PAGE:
The selling exhibition – which also features personal effects originally owned by Mawson’s father-in-law, metallurgist and BHP general manager from 1899-1921 GD Delprat – is described in the Treloar’s catalogue as a selection of 37 items, “some rare and important, others unusual or curious, but at all times interesting”.
Among them is a series of large vintage blue-toned carbon prints taken by renowned photographer Frank Hurley during the Australasian Antarctic Expedition of 1911–1914.
Michael Treloar says a highlight is an evocative image titled A Blizzard, which shows assistant medical officer Leslie Whetter and assistant collector John Close battling the harsh elements to cut ice near the expedition’s winter quarters at Cape Denison.
The 351mm × 417mm print, which has a price tag of $25,000, is from the original 1915 Australian exhibition of Hurley’s photographs. A cropped reproduction also featured on the cover of the Wakefield Press edition of Mawson’s autobiography, Home of the Blizzard.
“It’s an extraordinary image,” says Treloar.
“The men are digging blocks of ice to take indoors to melt for drinking water… he [Hurley] has captured something for all time.”
Other photos Hurley took during the 1911-14 expedition are also on show, including striking landscapes and an eerie gelatin silver photograph (above) of three unnamed men wearing snow hoods encrusted with ice.
There are also several series of stereophotographs, some of which were taken by geologist and explorer Tannatt William Edgeworth David on Shackleton’s British Antarctic Expedition of 1907–1909 and have descriptions written on the back by Mawson.
The items in the exhibition have the guaranteed provenance of the Mawson and Delprat families and were assembled from seven different sources, with Treloar saying “serendipity” played a role in pulling them together.
The pair of long cream woollen socks, for example, came from a local charitable group but had previously been in the possession of an Adelaide-based family friend of Douglas Mawson and his wife Paquita. Treloar was able to track down a number of stereophotographs of Antarctica that had been gifted to the same woman and passed on to her grandson.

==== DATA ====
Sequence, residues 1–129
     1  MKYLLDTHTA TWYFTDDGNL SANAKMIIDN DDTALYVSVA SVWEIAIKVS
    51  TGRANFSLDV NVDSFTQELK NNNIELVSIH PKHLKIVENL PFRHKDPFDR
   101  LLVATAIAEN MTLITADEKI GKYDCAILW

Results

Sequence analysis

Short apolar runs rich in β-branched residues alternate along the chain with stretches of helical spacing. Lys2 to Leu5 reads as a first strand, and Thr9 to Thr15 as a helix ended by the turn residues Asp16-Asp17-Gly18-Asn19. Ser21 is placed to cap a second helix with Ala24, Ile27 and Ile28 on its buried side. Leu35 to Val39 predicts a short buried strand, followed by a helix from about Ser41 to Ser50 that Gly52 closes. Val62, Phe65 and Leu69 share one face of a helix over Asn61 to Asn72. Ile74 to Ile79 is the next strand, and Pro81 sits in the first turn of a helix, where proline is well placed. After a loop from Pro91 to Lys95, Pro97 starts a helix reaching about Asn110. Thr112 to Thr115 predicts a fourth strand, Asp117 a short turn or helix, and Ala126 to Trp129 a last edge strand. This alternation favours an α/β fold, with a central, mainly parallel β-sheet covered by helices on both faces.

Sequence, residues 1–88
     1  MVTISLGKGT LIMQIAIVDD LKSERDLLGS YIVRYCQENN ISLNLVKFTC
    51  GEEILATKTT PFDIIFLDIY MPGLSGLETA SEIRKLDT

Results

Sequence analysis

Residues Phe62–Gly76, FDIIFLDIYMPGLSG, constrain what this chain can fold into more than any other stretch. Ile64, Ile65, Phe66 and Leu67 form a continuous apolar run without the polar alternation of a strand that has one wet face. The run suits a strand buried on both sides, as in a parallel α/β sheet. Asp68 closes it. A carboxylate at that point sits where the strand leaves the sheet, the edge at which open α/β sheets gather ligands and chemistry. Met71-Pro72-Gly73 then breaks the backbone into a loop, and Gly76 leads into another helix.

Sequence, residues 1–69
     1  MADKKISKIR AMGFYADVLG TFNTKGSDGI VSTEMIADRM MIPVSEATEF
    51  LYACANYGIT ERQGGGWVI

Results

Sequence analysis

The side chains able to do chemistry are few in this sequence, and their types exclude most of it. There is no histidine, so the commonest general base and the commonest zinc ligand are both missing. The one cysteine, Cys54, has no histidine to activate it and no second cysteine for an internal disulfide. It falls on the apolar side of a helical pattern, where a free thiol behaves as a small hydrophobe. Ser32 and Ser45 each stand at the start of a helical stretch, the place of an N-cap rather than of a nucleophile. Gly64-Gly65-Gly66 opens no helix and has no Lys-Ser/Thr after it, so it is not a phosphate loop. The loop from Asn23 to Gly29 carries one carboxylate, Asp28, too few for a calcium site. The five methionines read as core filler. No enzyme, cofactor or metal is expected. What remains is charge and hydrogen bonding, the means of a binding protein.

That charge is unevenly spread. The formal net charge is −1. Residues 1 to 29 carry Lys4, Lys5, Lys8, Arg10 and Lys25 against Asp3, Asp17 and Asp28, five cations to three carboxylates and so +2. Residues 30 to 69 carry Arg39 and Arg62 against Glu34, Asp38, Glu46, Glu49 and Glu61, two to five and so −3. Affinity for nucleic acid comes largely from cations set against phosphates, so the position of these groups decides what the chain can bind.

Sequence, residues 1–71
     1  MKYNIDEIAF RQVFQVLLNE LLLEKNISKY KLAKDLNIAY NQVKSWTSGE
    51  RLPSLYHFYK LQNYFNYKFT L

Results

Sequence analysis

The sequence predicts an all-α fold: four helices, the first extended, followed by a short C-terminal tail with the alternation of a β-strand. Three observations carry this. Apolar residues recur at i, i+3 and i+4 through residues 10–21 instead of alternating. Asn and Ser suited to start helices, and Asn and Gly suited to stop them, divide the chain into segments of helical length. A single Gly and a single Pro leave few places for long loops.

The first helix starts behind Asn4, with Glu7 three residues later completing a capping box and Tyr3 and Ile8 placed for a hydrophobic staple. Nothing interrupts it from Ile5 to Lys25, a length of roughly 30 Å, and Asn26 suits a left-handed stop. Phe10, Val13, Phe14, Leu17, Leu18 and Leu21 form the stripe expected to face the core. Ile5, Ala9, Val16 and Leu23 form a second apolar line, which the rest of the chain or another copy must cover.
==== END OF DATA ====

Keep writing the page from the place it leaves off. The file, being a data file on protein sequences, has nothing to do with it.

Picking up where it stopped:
Described as having discoloured soles and some darning, with Mawson’s initials in ink on each sole, the socks – now priced at $1250 – are thought to have been worn by Mawson to the South Pole, although this is not confirmed.
“They were definitely his … they come with very strong association material,” says Treloar, adding that they are being sold with several stationery items including a small circa-1950s gift card signed from “Sir Douglas and Lady Mawson”.
A rare item on show that is known to have been taken to Antarctica on the 1911-14 expedition is a copy of Geoffrey Chaucer’s Canterbury Tales for the Modern Reader, which is inscribed “From C.W. Mackellar 1911” and bears a stamp stating “Australasian Antarctic Expedition, 1911. Mackellar’s Library”. (Mackellar was the name of an English financier who donated books for the journey.)
The most expensive item in the catalogue is an original oil painting by Charles Harrison, titled Erecting Tents in a Blizzard and still in its original gilt wood frame. The biologist and artist gave the painting (priced at $35,000) to the Mawsons as a wedding present in 1914, the same year he disappeared with research ship the FIS Endeavour, believed to have sunk on the way back to Australia from Macquarie Island.
Some of Treloar’s favourite items in the exhibition come from a later period: a series of large vertical panoramas taken by Frank Hurley during the British, Australian, New Zealand Antarctic Research Expeditions (BANZARE) from 1929-31. Several show the expedition ship SY Discovery under sail, while one captures a sunset off Proclamation Island.
“They are spectacular. They were produced on an expedition that was essentially a scientific expedition and they were only on land or on ice for two nights. There wasn’t the interest in those expeditions, so it was a completely different set of circumstances.
“This set of photographs are probably as rare as any items in the catalogue, as they were not produced for wide distribution.”
Other items in the Mawson-Delprat exhibition include a 17th-century Dutch armoire, a Georgian wine cooler, and elaborate shawls that once belonged to Lady Mawson. It is continuing at Michael Treloar’s Antiquarian Booksellers on North Terrace until September 27.
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